In addition to being able to try out some fantastic food, the dinner was a chance for us all to meet with Mr. Ramsey, Bertha, June (PAACH) and America (La Casa Latina). I had a great time talking to everyone during the dinner, and thanks to June for giving me so much more information on the Penn College/Wharton's! The dinner was the first time I learned about dual majors, transfering, and the fact that we missed filming of the Transformers 2 on campus (awww).

And as for the food...

For the appetizer, we had a variety of breads accompanied by a lobster and peach drink. My favorite bread was baked with tasty sun dried tomatoes.

For my main course, I had scallops followed by a half lobster. I thought I never eaten lobster before, but my mom later told me I had it a few times when I was younger! It must have been before I was old enough to be afraid of trying new things. The lobster turned out to be very delicious, sort of like shrimp and crab combined. I'm glad I tried it.

The desert was my favorite part! Like Mrs. Crespo mentioned in her post, there was a fabulous cart of cakes we could choose from, and the best thing was you could have as much as you wanted. I tasted a little of a few different cakes, and they were all delicious! I took a little back home to my room mate, and she loved it too. :)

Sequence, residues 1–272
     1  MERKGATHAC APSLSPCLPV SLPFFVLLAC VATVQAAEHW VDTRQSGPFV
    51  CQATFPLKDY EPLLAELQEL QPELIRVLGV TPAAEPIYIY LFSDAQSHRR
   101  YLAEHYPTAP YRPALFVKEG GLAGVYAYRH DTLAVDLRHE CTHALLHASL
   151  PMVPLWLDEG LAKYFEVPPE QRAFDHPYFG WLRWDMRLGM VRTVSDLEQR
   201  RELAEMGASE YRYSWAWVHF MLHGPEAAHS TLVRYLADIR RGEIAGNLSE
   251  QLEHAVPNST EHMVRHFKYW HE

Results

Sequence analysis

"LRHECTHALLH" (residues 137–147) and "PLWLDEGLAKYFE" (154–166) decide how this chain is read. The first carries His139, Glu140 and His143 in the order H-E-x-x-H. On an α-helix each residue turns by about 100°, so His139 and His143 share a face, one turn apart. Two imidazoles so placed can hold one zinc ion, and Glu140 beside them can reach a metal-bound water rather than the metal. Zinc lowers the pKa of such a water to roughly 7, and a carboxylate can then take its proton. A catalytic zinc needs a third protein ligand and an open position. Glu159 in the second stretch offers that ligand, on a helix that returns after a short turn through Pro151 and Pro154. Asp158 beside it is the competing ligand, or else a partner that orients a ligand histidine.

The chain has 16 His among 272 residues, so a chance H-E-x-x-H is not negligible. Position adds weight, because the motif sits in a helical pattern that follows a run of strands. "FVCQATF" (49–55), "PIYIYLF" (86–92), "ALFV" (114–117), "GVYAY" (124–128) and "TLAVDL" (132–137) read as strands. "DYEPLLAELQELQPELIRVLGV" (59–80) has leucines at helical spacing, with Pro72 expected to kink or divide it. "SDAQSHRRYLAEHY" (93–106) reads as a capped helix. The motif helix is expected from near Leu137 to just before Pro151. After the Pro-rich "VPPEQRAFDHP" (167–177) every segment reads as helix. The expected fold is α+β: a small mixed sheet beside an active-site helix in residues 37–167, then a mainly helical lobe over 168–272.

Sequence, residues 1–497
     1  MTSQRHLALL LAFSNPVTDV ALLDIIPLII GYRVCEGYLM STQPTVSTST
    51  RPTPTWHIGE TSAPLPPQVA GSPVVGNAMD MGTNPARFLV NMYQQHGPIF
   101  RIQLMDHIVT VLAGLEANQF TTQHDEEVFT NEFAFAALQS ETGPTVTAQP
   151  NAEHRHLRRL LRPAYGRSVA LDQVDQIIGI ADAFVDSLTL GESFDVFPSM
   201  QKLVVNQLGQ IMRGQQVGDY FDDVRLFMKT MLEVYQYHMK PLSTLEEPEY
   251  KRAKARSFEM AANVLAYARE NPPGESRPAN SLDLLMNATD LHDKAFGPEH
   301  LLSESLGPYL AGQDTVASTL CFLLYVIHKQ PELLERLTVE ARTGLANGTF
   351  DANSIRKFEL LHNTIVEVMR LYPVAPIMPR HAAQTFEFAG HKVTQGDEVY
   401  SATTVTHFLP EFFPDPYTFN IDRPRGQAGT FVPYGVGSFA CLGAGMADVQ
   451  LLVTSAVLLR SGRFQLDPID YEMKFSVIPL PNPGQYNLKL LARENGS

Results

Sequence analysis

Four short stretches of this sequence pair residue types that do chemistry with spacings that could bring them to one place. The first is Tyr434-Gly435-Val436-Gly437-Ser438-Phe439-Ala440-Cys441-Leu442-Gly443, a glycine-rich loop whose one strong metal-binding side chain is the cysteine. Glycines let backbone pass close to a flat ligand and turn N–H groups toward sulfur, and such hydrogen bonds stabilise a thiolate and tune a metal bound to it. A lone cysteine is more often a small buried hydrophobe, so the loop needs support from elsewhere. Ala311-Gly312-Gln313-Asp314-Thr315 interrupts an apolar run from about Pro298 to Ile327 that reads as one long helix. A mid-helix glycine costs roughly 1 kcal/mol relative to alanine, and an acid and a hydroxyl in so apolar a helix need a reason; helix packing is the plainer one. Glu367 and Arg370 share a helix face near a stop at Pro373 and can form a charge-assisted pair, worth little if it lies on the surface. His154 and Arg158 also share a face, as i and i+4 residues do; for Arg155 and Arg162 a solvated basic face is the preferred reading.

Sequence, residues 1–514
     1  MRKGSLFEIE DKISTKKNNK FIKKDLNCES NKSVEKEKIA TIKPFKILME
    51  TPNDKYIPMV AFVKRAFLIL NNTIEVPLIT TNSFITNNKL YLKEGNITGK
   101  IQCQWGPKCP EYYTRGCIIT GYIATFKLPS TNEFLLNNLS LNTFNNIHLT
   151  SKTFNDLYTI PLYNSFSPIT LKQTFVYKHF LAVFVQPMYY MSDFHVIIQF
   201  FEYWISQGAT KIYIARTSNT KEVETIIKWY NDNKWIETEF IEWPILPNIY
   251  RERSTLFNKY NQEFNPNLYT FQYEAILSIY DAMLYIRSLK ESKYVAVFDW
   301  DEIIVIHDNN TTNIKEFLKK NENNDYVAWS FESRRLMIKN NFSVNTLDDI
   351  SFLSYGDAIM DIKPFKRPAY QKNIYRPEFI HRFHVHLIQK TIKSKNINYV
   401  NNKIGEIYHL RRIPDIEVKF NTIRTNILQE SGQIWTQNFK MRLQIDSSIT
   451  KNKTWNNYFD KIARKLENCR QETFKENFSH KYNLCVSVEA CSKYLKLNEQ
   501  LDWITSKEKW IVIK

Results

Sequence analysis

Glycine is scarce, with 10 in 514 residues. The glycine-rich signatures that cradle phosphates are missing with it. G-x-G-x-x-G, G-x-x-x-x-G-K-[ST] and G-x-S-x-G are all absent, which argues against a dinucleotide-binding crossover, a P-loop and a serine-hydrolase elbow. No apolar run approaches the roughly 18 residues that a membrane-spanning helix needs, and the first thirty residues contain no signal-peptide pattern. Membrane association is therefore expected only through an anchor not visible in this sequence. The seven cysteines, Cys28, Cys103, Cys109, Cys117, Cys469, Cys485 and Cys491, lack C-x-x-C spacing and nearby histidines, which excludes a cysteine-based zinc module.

Thank you Mr. Ramsey for taking us to such a wonderful restaurant!!!

That's it for now!

Enjoy the Olympic games everyone. :)

Tuesday, August 5, 2008

Whirlwind Tuesday morning....

Once we got off of the trolly at the University City exit, we were smack in front of the building that would be Bertha Romo's dorm next year. This granted us a perfect photo opp of Charles and Bertha in front of her dorm, as shown to the right. Charles' smile captures the excitement, pride, and joy that we all feel for Bertha.
On Tuesday morning, Charles and I had a 9:00am appointment with Jacinda Ojeda, the former California representative for UPenn. We had a great meeting with her regarding UPenn's method and approach regarding recruitment in disadvantaged districts and their success within the schools in this district.
After our meeting with Jacinda at the Undergraduate Admissions Office, we had to book across campus to Market and 38th to meet with John Ceccati, the program director for the summer school programs. John had been such a great contact this past year and helped us tremendously with enrolling our girls and dotting all of the t's and i's. After spending a little while with him, we had to rush back to Undergraduate Admissions to attend a last-minute meeting that June Chu had set up for us with John Toomer, Director of Multicultural Admissions at UPenn. He had many great suggestions in order to help students from our attend Ivy League universities.